Archive for 2019

CTO Mourns Passing of Flora Gilford, Former President of CTO Northern California Chapter

NEW YORK, NY (17 Oct., 2019) – The Caribbean Tourism Organization (CTO) is grieving the loss of a longtime friend of the Caribbean, Flora Gilford, who passed away on 9 Oct., 2019 in Michigan at the age of 97. Gilford was a travel agent who served as president of the CTO Northern California Chapter between the late 1980s to mid-1990s. Visitation will be held on 21 Oct. from 7 – 8 p.m. at the Gorsline Runciman Funeral Home in Lansing, Michigan.

“Flora Gilford was well loved by her peers; she wholeheartedly loved the Caribbean and was always willing to volunteer when we needed a helping hand,” said Sylma Brown, director of CTO-USA, Inc. “She treated the CTO staff members and young sales representatives for CTO member countries as her children, always looking out for their well-being in a motherly way. To this day, my own children, nieces and nephews that knew her while they were growing up refer to her as ‘Grandma Flora’ because that is what she told them to call her,” Brown added.

Gilford was instrumental in the execution of the Caribbean Sales seminars, held annually in CTO member countries, which provided travel agent members of the CTO Chapters across the U.S. and Canada with the opportunity to participate in exclusive training and in-country workshops. She always attended the Caribbean Tourism Conferences (CTC) and consistently volunteered to assist CTO with managing the travel agents who attended the conferences.

Gilford also spearheaded fundraising efforts for the Audrey Palmer Hawks Memorial Scholarship Fund, a pre-cursor to the current CTO Scholarship Foundation.

“Flora was a loving, compassionate and wonderful woman who will be missed by many who loved her,” said Brown.

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Statement by CTO Chairman, Dominic Fedee, on Organization Restructuring

Over the past two decades, there has been much discussion surrounding the promotion and development of tourism in the Caribbean, the world’s most tourism dependent region. While there have been many visions, plans, papers written and philosophies espoused, there has been widespread acceptance that much improvement  is needed to elevate tourism development in the region.

Some of the most discussed aspirations range from marketing the Caribbean as a single brand, more in-depth research, and a greater uniformed approach to policy formulation and product development.

The Caribbean Tourism Organization (CTO) therefore recognizes that it plays a most essential role in the changes required to achieve the long held view to enhance tourism’s role as a tool for sustainable development among member states. Consequently, we are of the firm view that in order to play a stronger role in the new era of tourism development, we have to reinvent  and reposition the organization as a pillar upon which tourism advancement can rest.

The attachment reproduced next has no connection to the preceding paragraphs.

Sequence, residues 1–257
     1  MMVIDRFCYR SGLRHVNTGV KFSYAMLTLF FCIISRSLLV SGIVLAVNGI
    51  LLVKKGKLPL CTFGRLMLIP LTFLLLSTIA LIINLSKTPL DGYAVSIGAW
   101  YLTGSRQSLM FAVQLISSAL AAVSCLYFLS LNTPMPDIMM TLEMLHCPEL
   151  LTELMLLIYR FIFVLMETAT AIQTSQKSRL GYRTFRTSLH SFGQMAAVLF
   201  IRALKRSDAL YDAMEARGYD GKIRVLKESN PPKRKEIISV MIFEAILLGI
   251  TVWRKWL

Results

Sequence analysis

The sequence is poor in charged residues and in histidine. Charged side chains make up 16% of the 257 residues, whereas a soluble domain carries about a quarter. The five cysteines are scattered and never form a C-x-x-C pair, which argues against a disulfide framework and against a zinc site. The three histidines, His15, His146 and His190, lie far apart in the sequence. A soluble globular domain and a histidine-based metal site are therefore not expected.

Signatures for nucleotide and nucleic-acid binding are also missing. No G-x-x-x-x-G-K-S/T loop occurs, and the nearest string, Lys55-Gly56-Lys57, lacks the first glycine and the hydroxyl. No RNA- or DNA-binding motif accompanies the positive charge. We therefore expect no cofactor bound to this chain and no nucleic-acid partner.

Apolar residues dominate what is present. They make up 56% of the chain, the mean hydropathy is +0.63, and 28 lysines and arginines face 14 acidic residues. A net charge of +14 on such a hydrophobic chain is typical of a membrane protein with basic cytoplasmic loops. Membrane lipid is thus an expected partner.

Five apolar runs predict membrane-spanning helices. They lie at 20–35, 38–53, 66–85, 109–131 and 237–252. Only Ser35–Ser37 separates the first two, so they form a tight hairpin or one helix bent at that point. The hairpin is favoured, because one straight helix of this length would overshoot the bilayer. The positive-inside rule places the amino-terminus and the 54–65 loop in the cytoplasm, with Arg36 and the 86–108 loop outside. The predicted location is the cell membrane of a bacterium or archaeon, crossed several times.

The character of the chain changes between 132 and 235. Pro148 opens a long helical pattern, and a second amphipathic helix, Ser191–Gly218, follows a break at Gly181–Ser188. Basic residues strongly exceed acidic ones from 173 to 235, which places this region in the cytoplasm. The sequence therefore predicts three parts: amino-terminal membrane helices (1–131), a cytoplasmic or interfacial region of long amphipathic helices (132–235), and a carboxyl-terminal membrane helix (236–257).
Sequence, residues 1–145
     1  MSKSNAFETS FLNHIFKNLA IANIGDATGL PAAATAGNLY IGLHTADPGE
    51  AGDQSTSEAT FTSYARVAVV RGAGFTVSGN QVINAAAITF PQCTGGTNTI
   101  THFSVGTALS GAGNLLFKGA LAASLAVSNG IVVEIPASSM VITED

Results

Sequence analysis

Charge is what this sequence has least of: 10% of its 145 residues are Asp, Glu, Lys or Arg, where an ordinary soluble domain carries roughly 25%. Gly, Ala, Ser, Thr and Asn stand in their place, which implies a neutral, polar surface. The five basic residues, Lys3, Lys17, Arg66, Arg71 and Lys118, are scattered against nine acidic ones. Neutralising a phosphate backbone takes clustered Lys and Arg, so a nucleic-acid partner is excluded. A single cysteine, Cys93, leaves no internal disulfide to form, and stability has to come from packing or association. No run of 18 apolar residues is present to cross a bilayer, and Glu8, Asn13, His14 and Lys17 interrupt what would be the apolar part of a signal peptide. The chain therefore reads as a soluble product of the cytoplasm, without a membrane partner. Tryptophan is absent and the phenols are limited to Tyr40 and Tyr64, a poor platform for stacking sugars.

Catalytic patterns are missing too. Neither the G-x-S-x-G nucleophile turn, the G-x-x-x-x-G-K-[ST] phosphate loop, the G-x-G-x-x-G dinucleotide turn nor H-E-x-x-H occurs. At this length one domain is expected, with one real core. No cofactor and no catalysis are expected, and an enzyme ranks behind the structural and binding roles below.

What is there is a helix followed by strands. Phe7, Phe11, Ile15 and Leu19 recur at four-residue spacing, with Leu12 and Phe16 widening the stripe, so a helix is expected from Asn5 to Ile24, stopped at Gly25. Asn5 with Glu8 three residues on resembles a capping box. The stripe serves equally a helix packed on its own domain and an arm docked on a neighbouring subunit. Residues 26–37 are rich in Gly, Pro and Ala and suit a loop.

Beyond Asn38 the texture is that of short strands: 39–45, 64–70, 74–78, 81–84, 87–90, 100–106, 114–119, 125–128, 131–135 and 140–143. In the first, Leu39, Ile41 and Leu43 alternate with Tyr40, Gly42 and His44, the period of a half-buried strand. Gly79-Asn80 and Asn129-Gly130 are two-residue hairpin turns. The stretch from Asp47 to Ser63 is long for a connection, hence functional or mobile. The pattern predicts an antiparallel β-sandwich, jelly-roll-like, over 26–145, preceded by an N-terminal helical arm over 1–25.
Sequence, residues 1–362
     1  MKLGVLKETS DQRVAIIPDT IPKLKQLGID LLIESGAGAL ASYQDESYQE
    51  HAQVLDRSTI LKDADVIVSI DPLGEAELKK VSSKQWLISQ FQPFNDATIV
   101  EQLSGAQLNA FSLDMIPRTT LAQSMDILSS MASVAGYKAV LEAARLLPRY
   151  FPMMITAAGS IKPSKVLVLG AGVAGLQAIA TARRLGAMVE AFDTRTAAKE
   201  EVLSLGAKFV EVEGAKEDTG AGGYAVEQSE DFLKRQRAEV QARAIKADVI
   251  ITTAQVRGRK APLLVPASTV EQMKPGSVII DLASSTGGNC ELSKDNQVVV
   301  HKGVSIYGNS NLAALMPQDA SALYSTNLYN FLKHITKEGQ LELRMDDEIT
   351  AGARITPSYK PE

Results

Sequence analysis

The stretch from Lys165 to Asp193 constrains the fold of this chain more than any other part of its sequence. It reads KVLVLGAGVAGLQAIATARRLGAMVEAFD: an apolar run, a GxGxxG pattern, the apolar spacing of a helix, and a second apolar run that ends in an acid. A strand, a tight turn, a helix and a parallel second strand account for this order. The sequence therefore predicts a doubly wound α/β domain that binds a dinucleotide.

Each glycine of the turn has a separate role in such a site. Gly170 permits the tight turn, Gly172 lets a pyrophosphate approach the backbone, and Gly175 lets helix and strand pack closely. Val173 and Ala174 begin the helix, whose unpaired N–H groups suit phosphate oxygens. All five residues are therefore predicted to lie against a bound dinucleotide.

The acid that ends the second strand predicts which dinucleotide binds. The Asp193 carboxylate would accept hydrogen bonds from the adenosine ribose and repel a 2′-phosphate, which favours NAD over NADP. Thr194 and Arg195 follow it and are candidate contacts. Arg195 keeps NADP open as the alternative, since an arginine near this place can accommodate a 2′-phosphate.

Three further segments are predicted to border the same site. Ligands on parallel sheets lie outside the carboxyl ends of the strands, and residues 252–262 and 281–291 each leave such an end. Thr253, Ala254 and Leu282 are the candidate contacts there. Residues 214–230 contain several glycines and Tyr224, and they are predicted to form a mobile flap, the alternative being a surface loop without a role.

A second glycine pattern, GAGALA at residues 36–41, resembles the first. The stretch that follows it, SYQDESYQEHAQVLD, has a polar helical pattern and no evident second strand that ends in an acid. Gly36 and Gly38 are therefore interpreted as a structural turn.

To better streamline our operations and finances, we are announcing the following:

  1. Closure of our New York office by December 31, 2019
  2. Closure of our United Kingdom office by January 31, 2020
  3. A comprehensive audit of the Barbados office

This restructuring exercise is expected to significantly reduce the operational expenditures of CTO, giving it more capacity to undertake its key functions of regional marketing, statistics and research, and product development.

CTO notes that this exercise will lead to some displacement, but firmly believes that it represents a strong revitalization of the organization. This is a necessary process to ensure tourism plays its most vital role as a means to bring about opportunity and prosperity for the people of the Caribbean.

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Turks & Caicos Islands’ ‘Junior Tourism Minister’ Wins CTO Tourism Youth Congress

JOHN’S, Antigua (7 Oct. 2019) -The representative of the Turks & Caicos Islands emerged the winner of the Caribbean Tourism Organization (CTO) Tourism Youth Congress held in the Antigua and Barbuda parliament building on Friday 4 October.

Fifteen-year-old Helena Jones Robinson High student Danae Dennie was among 14 ‘junior ministers of tourism’ from CTO member countries who exchanged thought-provoking and spirited presentations on topics related to the future of the industry.

Danae Dennie receives her prize from CTO’s acting secretary general, Neil Walters

Dennie presented a compelling presentation and offered suggestions to enhance the national tourism product of the Turks & Caicos Islands through a national tourism service programme, a visitor satisfaction review app dubbed “My Absolute Truth”, and a STAR awards programme.